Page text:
The Rentable Writer

Saturday, June 10, 2006

Okay, childrens, this is the last PA thing for a while

I promise this is the last PA post for a couple days, more things about writing later today (I should be in bed right now; I promised myself I'd go before 1 AM. It's now five of). But I was perusing the PA site when I found something funny, reminiscent of earlier posts where I laughed at typos. First, scroll to the very bottom of their page. Now, look at the small menu of text links (the first one is "How to Get Published." [Answer: Not with PA]). Anyway ... do you see what I see? Is it possible? Has the Great PublishAmerica ... written Childrens Book Publishers? I thought you would make that 'childrens' possessive, but since PA ain't doin' there's no way I am! Don't wanna look like an idiot. Now, if you travel to that Childrens Book Publishers page (which I've linked to), you'll find something even stupider: They frequently change how they're spelling it. Sometimes they have it right with children's, but in the very next sentence they're writing childrens. For any carefully observing wannabe-published author thinking about giving PA their business ... that right there should be enough for them to puke on a small piece of paper with the word "PublishAmerca" on it, burn the paper at 451 degrees, dispose of the ashes in water, and bury them at the earth's core, while screaming, "PUBLISHAMERICA'S FUCKED MANY A WRITER!!!!!!!"

Please note: If it were any other POD publisher, I'd probably let it slide. I'm only being harsh because it's PA. Have a great day.

Please note this too: I'm allowed to spell things wrong on my blog, because I'm not running a business. Still, I manage to check my writing a few times before I publish and correct anything if I find a mistake. I know PA doesn't. (I'm not being hypocritical either. For more information, see this Miss Snark post. In my eyes, her blog is the Bible Blog.)


  • Good catch. Whoever writes PA's ad copy (and Tone letters) isn't the brightest bulb in the pack. I loved it when they referred once to someone seeking legal "council." And who could ever forget the "editor" who told an author, "We all needs help sometimes."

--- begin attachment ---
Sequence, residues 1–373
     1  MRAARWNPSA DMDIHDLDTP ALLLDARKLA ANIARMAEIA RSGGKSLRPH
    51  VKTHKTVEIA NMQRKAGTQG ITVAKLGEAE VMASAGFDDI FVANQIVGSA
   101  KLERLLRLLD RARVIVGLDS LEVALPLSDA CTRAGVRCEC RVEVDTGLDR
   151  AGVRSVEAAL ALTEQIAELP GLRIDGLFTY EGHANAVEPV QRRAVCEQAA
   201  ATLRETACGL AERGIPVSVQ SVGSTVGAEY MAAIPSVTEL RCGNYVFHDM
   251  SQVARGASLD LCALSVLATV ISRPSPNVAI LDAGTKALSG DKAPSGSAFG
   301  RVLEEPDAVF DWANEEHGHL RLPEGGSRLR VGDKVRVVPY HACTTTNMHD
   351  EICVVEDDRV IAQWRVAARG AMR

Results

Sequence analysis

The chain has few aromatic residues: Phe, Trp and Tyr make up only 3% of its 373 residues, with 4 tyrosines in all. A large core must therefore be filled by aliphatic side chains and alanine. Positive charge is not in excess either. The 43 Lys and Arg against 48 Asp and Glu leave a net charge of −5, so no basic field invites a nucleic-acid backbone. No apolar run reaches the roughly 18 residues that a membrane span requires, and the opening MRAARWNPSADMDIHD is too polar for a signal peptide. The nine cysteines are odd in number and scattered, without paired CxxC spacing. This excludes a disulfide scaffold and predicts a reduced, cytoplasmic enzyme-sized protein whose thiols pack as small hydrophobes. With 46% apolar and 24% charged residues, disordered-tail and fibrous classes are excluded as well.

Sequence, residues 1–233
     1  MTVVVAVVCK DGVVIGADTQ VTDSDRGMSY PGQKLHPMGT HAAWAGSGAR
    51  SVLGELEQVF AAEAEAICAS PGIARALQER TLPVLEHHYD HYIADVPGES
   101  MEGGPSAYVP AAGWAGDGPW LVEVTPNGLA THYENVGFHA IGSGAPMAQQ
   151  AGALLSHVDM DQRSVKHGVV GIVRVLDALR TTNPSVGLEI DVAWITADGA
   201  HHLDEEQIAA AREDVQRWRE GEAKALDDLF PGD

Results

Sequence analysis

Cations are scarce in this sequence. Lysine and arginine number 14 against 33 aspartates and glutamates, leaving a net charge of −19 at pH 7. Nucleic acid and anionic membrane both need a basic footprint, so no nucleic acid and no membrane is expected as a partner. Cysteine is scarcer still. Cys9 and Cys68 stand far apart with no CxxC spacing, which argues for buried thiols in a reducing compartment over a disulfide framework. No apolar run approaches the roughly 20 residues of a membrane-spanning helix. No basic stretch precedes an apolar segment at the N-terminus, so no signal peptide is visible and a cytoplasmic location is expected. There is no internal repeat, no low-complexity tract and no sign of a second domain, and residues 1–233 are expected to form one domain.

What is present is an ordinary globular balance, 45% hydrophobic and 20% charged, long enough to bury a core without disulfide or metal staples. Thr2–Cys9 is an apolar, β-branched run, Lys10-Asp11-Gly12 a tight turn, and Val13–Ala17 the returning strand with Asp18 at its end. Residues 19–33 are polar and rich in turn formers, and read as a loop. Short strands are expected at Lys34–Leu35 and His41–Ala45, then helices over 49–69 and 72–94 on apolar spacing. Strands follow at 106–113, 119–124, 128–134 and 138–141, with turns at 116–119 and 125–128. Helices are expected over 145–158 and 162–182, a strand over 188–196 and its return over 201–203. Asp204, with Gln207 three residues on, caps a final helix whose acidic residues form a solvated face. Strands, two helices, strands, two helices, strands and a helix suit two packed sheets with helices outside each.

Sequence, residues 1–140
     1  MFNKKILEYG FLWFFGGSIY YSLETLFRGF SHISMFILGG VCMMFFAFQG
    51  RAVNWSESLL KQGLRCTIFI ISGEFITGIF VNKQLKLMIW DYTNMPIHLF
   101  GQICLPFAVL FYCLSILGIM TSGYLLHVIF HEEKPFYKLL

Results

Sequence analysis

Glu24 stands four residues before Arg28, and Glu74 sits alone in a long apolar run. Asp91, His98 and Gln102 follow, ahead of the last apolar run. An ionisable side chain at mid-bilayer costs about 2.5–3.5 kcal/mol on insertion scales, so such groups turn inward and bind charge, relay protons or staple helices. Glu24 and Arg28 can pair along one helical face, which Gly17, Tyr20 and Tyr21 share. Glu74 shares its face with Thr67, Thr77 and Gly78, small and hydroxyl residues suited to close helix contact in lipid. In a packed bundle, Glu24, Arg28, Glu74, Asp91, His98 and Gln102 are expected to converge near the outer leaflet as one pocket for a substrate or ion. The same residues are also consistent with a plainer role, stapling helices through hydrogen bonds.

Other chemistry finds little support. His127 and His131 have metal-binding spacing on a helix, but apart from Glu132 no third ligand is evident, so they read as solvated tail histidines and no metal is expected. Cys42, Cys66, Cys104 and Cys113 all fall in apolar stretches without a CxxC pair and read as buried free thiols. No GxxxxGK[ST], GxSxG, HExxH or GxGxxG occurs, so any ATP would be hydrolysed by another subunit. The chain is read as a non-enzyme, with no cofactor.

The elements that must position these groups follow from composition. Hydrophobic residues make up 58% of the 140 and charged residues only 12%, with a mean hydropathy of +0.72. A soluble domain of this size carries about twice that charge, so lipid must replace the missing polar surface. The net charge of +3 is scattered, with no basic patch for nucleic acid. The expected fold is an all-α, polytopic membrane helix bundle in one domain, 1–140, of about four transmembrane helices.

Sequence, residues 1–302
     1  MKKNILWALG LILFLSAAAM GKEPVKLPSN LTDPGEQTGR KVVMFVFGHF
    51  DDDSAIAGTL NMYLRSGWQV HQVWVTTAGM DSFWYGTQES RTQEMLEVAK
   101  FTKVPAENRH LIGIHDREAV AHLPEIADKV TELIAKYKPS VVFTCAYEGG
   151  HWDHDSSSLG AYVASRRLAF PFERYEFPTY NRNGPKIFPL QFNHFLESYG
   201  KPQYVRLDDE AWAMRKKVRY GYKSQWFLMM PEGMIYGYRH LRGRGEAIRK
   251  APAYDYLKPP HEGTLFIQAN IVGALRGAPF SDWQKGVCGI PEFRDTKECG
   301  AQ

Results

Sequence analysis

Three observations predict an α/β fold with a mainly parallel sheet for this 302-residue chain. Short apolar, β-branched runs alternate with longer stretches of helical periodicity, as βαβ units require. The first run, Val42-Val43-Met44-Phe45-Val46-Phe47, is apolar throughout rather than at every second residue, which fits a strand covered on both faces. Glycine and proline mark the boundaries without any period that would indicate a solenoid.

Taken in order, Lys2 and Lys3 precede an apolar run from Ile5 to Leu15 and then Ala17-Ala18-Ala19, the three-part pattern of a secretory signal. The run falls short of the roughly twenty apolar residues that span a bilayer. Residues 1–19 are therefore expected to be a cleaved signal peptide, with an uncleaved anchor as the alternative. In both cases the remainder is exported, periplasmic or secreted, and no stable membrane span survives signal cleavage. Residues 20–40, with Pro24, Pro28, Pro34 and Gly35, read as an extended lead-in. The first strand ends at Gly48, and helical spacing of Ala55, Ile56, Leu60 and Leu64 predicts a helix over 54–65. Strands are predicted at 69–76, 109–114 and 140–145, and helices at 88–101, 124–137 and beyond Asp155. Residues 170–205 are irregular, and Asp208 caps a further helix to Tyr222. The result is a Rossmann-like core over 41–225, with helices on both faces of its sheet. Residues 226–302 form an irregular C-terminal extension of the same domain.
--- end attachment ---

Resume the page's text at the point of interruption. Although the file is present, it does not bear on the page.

Only at PA...

    By Blogger Serena Joy, at June 11, 2006 7:59 AM  

  • I like this too:

    "We here at Publish America are expert children's book publishers."

    By Blogger The Rentable Writer, at June 11, 2006 8:07 PM  

  • Come on, you guys are talking about a company whose own book, "How To Upset a Goliath Book Biz" features a penis, dead center. Although, I do believe they've bumped that sub-title up a little since I first started commenting. No fig leaf graphics, I guess.

    On the "children's book publisher blurb," they also have "copyright" and "book," when they've used a plural pronoun.

    And could someone please tell them the differences between an em dash an en dash and a hyphen??

    Very sloppy site they have there.

    By Anonymous Just a surfer, at June 12, 2006 3:12 AM  

  • The difference between an em dash and an en dash are this:

    An en dash is shorter - that is one. It's used as a minus sign, a hyphen, and a few other things.

    An em dash is used to separate a thought — usually — within a sentence, and is about twice the size of a hyphen I'm obsessed with em dashes. I use them A LOT. Some writers use them—like this—with no spaces on the outside. But I use — them — like that, with spaces on all sides of the em dashes.

    By Blogger The Rentable Writer, at June 12, 2006 11:07 AM  

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